HR Marketing VS Employer Branding: Beware of the “Put Lipstick on a Pig Effect”
Times are changing.
HR is more and more at the heart of discussions and concerns, which is no doubt a phenomenon precipitated by the current shortage.
In this context, the concepts of HR marketing and employer branding are, let’s face it, very fashionable. However, when we dig a little deeper, we quickly realize that the two terms are often used as synonyms or even the opposite.. Science itself reports a lack of consensus on the matter…nothing to help us here. Although they both relate to HR, they are distinct concepts, which is why it is important to focus on the definition each refers to when learning about the subject.
Typical product marketing promotes a product by distinguishing it from others in order to attract a targeted clientele, while HR marketing uses the same general idea. The difference is that HR marketing promotes a company (not a product) as a distinct workplace to a pool of potential candidates (clientele).
Employer branding, a concept that originated in the 1990s (Barrow, S.), has a multitude of definitions. For the purpose of this article, I will retain this one, which I believe is the simplest and clearest:
Sum of a company’s efforts to communicate to existing and prospective staff that the organization is a desirable place to work.(Lloyd 2002; Ewing et al. 2002)
Therefore, we can quickly see that employer branding is aimed at an external clientele (potential candidates) AND internal to the organization (current employees). While HR marketing is mainly aimed at appealing/attracting, employer branding is also aimed at retaining talent and distinguishing itself as an employer of choice. It operates essentially on the basis of meeting the needs of this clientele and responding to their expectations. It implies an in-depth work, to dig in order to understand what the expectations are and to take the real pulse of the floor and not simply rely on the perceptions of everyone… which are not very objective. This is an essential step in the process: to evaluate progress, you need to know and understand where you are starting from.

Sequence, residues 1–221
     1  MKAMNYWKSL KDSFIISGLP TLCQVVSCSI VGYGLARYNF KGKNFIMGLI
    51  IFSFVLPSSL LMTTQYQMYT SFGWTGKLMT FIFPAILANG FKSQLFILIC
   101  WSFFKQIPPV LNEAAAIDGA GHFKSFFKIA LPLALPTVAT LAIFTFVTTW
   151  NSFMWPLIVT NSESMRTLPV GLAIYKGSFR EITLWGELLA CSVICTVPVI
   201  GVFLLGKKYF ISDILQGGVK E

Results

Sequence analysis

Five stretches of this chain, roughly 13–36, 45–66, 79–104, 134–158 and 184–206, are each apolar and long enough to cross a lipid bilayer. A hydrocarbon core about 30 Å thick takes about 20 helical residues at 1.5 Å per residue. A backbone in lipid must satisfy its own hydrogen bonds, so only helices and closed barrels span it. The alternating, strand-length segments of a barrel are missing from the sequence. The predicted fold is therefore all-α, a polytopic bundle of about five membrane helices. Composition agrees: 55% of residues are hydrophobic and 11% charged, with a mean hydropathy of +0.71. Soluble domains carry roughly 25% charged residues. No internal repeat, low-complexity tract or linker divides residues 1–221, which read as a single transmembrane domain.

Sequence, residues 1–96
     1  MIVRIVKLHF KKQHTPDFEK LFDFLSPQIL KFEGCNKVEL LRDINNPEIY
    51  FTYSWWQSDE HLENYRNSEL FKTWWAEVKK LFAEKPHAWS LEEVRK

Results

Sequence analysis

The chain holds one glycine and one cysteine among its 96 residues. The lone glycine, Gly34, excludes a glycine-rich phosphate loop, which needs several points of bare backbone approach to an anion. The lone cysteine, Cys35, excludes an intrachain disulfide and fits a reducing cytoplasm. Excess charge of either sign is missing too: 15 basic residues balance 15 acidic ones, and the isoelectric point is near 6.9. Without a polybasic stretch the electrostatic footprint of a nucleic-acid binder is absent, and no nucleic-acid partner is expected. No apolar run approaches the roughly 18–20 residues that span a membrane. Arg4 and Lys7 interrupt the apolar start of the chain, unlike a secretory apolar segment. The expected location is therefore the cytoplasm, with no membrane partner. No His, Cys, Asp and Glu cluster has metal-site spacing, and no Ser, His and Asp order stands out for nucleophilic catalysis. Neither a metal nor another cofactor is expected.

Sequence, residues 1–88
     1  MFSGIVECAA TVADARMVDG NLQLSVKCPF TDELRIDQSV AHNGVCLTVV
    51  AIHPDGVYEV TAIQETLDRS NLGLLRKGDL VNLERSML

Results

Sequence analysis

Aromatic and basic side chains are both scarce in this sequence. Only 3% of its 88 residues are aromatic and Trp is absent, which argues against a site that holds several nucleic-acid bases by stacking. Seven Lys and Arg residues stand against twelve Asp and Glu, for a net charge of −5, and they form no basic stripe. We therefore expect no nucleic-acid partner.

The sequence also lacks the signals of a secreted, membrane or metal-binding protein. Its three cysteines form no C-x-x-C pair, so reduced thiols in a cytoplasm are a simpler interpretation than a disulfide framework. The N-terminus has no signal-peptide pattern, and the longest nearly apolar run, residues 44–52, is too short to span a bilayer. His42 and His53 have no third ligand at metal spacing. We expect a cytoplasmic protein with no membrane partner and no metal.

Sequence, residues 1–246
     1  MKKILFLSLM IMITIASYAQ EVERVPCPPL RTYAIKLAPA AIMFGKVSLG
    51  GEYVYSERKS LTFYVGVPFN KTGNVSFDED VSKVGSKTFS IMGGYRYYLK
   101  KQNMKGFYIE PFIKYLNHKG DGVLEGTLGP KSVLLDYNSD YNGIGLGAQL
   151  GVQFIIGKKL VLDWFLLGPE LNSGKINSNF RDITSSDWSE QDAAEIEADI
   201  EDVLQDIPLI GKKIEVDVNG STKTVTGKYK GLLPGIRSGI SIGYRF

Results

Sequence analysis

However, there must be a real willingness on the part of management to face reality, a willingness to put ego and pride aside for the good of everyone, as well as a desire to improve things.
Currently, various certifications exist in this area, each with its own sub-criteria of analysis (e.g., leadership, work-life balance, communication, training and development, and so on) as well as its own operation. Thus, it is clear that this is a long-term task that should be seen as a process rather than an end in itself.
Certainly, a strong employer brand can serve as an HR marketing tool. However, in the short term, for those of you who don’t-have-time-to-work-on-the-employer-brand-because-you-need-people-as-soon-as-possible, beware of the temptation to make things look better than they really are (hence the expression “don’t put lipstick on a pig”). You have everything to gain by putting the real good things about your organization forward by being honest. Many organizations have learned the hard way: dissatisfaction, loss of credibility, de-motivation, staff turnover. The content inside the container must live up to expectations (many people from post-dating app X could probably attest to this…!). If the bar of expectations is too high…there is a big risk of disappointment.
Honesty and consistency.
Andréanne Thibault – part-time makeup remover! 😉
Charbonnier-Voirin A., Vignolles A. (2015). “Marque employeur interne et externe- un état de l’art et un agenda de recherche” Lavoisier- Revue française de gestion n°246, p. 63 à 82
Lloyd, S. (2002). Branding from the inside out. BRW, 24(10), 64-66.